You’ve just installed your brand new deck, now it’s time to make sure that it’s protected from the weather. If you leave your deck as it is, moisture will get in and cause rot. UV rays will also cause the wood to fade and crack. There are all sorts of products on the market, falling into the category of deck stain and deck sealer.
The problem is, a lot of people don’t know the difference between the two and it’s tough to know what to use. This article will clear up all of the questions you have about the difference between stain and sealer and help you decide which option is right for you.
What is Deck Stain?
Deck stain is designed to protect your wooden deck from moisture, rot, and mildew. It also has a colored pigment in it, so you can change the color of the wood. Most deck stains come in a large range of colors, some that are designed to look like natural wood and others that are not. A lot of deck stains also have additional UV inhibitors added to stop wood from turning gray in the sun.
Deck stains can be water or oil-based, with some transparent options as well as opaque stains. When applied to the wood, deck stain is designed to soak in and protect it from within, rather than creating a layer on top of the wood.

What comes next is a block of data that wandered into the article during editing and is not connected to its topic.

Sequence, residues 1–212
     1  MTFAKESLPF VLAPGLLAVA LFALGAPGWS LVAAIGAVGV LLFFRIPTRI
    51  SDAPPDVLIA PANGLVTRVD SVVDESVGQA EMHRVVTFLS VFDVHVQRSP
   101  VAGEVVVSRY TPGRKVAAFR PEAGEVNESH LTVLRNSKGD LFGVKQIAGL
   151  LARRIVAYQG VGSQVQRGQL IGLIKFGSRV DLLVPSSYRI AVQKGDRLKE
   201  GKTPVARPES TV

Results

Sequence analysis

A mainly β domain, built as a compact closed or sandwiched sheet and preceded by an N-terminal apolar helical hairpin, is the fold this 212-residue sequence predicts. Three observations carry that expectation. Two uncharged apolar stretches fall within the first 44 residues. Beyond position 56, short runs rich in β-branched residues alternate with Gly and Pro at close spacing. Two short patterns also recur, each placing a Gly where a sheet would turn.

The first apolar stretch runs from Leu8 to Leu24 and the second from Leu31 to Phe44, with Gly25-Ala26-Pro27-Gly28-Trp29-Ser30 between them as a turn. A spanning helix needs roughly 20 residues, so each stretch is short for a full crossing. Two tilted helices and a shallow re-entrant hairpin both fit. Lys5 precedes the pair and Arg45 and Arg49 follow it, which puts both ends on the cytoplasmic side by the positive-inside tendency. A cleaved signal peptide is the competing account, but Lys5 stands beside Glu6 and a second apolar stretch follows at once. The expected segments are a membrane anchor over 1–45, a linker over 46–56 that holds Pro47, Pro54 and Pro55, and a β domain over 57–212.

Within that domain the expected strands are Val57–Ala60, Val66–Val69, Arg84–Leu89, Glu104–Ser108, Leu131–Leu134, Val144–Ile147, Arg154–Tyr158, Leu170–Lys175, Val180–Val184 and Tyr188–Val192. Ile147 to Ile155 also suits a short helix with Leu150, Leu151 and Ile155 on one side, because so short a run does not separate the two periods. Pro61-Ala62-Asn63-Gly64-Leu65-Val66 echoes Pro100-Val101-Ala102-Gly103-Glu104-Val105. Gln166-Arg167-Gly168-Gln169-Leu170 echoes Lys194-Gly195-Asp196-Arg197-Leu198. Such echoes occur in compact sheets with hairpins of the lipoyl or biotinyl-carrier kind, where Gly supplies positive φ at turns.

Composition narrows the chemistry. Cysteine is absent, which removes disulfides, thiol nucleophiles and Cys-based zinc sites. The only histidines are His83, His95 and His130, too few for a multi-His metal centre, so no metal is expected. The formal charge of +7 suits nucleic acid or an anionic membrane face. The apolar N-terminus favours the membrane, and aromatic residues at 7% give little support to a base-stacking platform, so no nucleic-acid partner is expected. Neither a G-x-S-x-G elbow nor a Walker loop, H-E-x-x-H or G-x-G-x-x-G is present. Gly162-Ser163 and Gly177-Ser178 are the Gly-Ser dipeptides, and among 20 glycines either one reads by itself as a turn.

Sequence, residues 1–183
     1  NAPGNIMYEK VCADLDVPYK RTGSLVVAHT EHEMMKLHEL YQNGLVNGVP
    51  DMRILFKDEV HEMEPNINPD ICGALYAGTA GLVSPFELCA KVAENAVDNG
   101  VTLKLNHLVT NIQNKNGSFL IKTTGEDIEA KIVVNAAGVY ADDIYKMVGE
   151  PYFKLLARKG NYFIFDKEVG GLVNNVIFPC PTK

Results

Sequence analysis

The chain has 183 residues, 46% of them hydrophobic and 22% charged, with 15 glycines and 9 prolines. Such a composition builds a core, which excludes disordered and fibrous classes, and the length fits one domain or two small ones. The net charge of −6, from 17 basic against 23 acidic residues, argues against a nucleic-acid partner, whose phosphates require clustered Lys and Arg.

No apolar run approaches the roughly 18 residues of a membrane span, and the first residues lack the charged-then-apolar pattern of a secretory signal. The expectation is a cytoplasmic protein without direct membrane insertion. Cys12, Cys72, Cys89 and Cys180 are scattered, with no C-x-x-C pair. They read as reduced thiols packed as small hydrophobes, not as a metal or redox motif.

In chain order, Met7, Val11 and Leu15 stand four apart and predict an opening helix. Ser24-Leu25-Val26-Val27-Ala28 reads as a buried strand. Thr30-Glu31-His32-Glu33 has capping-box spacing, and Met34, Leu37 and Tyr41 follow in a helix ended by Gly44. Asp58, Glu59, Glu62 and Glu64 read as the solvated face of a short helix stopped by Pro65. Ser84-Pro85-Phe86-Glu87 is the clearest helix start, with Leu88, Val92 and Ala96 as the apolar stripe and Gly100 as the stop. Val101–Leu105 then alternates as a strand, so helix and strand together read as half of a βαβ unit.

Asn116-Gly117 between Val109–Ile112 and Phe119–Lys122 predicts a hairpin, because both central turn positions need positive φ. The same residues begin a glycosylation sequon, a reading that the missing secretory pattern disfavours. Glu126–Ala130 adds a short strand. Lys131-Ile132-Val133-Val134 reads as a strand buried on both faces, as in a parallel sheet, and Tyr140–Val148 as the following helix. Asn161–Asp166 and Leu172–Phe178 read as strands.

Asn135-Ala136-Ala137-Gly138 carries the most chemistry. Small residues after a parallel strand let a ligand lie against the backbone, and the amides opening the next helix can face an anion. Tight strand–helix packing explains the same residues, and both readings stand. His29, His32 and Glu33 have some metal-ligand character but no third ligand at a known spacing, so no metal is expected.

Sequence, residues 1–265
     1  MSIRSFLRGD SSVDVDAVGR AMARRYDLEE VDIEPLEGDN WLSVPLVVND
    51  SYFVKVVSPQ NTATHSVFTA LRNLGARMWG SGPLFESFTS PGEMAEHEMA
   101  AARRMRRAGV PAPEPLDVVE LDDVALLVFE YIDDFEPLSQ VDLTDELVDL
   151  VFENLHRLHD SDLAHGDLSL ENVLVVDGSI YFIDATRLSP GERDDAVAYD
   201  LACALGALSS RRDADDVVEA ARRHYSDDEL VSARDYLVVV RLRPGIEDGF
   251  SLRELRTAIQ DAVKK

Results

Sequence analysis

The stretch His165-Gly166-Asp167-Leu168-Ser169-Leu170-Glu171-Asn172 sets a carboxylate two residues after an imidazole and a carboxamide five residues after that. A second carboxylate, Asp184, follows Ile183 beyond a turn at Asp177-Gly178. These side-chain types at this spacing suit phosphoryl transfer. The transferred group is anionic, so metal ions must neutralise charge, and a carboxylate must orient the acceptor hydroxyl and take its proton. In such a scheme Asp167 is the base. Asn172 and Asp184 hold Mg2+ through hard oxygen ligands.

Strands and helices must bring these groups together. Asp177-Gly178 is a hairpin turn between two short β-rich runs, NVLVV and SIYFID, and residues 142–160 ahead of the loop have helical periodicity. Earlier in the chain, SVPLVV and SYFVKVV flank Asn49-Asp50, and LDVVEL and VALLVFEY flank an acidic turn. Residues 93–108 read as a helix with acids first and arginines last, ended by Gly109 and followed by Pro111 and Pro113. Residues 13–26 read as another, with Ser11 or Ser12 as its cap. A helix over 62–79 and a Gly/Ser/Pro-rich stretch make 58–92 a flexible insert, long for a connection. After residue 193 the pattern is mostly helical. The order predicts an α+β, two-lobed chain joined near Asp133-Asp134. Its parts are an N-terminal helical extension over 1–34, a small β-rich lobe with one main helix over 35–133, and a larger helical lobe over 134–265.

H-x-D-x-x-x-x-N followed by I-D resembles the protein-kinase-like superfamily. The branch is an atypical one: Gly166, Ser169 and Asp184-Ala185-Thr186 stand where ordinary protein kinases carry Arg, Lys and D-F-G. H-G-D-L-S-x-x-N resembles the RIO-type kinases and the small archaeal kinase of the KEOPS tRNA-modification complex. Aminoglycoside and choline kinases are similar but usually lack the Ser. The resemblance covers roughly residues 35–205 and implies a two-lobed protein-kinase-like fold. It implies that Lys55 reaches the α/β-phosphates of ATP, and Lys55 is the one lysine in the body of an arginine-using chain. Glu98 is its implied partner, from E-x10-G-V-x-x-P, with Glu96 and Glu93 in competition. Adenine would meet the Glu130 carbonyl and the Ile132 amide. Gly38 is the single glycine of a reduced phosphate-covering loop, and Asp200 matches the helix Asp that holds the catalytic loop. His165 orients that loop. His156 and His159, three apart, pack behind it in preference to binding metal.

What is Deck Sealer?
Deck sealers are also designed to prevent damage from moisture, rot, and mildew. They are usually clear substances that leave the natural look of the wood intact when they dry. In fact, you can’t always tell that a sealer has been used unless you put some water on the deck to see if it beads on the top or not.
Deck sealer can be water or oil based and there are a few different types. Penetrating sealers, often made with natural oils like tung oil or linseed oil, soak into the wood. These are rubbed into the wood with a cloth and they bring out the natural grain while also protecting the wood.
You can also get coating sealers, which form a protective barrier on top of the deck instead of penetrating the wood. Products like spar urethane, shellac, lacquer, or varnish give you a hard, sometimes slightly glossy finish on top of the wood to block out any moisture. Some of these coatings will soak into the wood too. A lot of deck sealers will also contain UV inhibitors to stop the wood from being damaged by sun exposure.
What’s the Difference Between Deck Stain and Deck Sealer?
There are a few key differences between deck stain and deck sealer. Firstly, a deck stain has pigment in it, so it colors the wood. Deck sealers, on the other hand, do not contain any pigment. Some of them will alter the color of the wood slightly and bring out the darker grain, but once they dry, the wood will still retain its natural look.
The finish on the wood will look different depending on whether you use a stain or a sealer. If you use a clear coat sealer like spar urethane, you will get a solid, sometimes glossy layer on the top of the wood. A stain, on the other hand, will soak in completely and the feel of the wood will be basically the same as untreated wood.